A new report proposes 425 miles of interconnected bike lanes across the five boroughs. Another sees new car-free bridges into Manhattan from Queens, Brooklyn and New Jersey.
If not change, then glimmers of it. Maybe.
Before the pandemic, New York City bus advocates had to plead with City Hall for more dedicated busways. Now City Hall is trumpeting a plan for five new ones. It used to take months, and cost a king’s ransom, for restaurants to get a sidewalk cafe permit. The other weekend, to help the struggling industry, the city waived the whole process for thousands of businesses.
And it has opened miles of streets to pedestrians and cyclists — albeit only temporarily, with erratic enforcement. I’m looking out my window right now at an avenue that was supposed to be closed to cars. The sawhorses are pushed aside. It’s traffic as usual.
Just as with the "future without cars" thread, a big trouble is that a lot of this doesn't scale without a catastrophe, and catastrophe isn't sustainable. And even then it does't work, because these bridges and new infrastructure cost money, and catastrophe isn't a winning economic model either: https://www.nytimes.com/2020/04/15/nyregion/coronavirus-new-york-up...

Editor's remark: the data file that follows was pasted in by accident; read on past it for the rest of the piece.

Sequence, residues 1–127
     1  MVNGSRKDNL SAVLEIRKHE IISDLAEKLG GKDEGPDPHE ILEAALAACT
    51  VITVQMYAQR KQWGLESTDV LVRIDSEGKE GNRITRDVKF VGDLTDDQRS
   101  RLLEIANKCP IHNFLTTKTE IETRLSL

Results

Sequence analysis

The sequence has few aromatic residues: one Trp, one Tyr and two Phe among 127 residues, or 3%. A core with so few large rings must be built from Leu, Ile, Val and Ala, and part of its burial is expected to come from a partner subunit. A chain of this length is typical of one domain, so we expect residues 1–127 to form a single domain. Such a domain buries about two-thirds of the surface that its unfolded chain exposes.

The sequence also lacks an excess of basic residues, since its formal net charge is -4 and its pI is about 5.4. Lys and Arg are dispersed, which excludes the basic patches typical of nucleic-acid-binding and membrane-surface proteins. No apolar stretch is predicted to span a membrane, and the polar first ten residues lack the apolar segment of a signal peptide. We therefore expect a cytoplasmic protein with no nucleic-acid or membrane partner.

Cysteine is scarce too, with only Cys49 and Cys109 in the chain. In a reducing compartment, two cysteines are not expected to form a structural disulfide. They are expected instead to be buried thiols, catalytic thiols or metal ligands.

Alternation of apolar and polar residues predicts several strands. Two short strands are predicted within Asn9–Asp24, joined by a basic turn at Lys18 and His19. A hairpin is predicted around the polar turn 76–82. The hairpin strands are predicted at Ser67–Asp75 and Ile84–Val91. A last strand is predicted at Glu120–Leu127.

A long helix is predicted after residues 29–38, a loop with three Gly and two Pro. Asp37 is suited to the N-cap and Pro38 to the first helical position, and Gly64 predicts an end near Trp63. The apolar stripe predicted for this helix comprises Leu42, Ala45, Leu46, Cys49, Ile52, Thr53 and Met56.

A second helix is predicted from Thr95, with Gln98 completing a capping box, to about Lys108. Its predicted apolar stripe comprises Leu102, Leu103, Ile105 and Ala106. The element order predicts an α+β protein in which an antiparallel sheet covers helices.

To say this differently, the only way a lot of this works is if everything else doesn't, and then the reasons to be in NY or to go anywhere, on a bike or otherwise, fade away for hundreds of thousands of people.
Meanwhile, bike/pedestrian bridge could be pretty cool, but NY's problem right now isn't where to ride a bike, it's to be alive and have a place to go and an income to have some money to spend on the bike or where ever someone is going. Nationally, 58,000 NEW covid cases were reported yesterday, almost a thousand of those in Illinois. https://abc7chicago.com/coronavirus-illinois-chicago-covid-19-today...
Thanks to an economic catastrophe, there are lots of places to ride a bike in Flint, Cleveland, or Gary. Miles and miles where you'll rarely see a car, or at least one that's running.